- International airports were directed to enable exchange of currency notes amounting to a total value of ₹5,000 for foreign tourists and Indian passengers travelling out of the country.
Effects of Demonetization
In 2016 the primary effect of demonetization was chaos and panic. In a country a high percentage of rural population it was not easy to access ATMs or banks as there were very few banks in the rural areas.
Due to the ill-planned scheme, the new notes were not printed in adequate numbers and there was a shortage of currency. People died of stress and ailment while standing in long queues. Banks had poor infrastructure and inadequate cash supply to deal with the demand. ATMs had to be restored and modified as the new notes had different calibrations and thickness and could not be dispensed by the ATMs.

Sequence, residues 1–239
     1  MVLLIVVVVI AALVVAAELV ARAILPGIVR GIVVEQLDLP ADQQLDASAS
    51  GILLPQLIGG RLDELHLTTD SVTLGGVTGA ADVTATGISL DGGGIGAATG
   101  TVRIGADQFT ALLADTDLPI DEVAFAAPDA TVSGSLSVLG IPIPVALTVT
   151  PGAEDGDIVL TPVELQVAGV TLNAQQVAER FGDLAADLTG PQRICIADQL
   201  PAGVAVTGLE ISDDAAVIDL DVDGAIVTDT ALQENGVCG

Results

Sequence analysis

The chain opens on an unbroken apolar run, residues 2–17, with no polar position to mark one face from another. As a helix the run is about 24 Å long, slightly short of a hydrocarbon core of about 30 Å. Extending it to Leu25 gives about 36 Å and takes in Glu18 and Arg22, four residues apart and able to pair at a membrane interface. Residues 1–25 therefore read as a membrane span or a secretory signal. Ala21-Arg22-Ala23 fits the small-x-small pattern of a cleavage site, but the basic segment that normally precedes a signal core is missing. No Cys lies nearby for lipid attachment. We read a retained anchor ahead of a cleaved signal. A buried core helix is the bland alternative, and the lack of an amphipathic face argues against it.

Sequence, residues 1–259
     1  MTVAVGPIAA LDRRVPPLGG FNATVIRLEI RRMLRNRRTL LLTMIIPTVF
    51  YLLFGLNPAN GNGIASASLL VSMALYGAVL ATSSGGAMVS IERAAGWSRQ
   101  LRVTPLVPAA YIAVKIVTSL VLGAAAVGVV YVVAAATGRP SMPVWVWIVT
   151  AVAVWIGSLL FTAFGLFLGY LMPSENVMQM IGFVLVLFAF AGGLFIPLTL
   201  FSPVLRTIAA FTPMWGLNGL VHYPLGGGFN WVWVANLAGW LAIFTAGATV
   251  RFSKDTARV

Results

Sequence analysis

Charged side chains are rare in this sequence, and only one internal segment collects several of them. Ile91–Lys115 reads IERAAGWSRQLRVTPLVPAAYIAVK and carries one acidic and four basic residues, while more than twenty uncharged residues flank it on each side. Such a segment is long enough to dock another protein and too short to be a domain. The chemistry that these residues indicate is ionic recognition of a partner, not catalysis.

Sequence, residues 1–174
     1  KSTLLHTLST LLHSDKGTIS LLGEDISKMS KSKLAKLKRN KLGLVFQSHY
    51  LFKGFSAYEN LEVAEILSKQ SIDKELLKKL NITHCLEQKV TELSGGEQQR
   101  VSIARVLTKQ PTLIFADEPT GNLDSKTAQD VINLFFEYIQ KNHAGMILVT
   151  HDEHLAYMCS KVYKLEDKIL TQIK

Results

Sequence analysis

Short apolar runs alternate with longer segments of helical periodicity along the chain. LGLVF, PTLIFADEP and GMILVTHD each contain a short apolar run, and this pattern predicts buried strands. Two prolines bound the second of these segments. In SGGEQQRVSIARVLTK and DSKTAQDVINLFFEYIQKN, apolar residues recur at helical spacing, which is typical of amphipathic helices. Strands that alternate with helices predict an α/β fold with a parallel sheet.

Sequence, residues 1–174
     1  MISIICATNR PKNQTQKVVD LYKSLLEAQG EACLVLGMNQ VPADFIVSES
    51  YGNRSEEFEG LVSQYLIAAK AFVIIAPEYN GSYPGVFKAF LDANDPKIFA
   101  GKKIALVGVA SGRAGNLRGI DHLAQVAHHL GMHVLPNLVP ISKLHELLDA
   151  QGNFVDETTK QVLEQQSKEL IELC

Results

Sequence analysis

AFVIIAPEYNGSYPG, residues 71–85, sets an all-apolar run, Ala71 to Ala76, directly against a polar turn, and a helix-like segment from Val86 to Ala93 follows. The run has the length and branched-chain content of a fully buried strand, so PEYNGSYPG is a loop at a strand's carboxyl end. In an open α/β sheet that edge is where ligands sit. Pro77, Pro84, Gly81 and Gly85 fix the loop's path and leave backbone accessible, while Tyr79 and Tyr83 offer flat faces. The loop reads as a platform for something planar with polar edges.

The suddenness of the announcement and its immediate implementation took people by surprise and many of them did not even have proper information. Misinformation rumours and cheating ensued and many people were duped by swindlers who exchanged their money at exorbitant interest rates.
Many people died of trauma and anxiety while others succumbed to accidents and ailments caused by long queues outside banks and ATMs. Businesses suffered as change could not be given for small amounts of money purchase against a 2000 rupee note. There was an overall cash crunch.
Slowly the problems abated but even now there remains in many regions an adequate supply of new currency to be dispensed to the customers of banks. Yet slowly the country is accepting digitalization and people are reluctantly but surely becoming aware of cashless currency.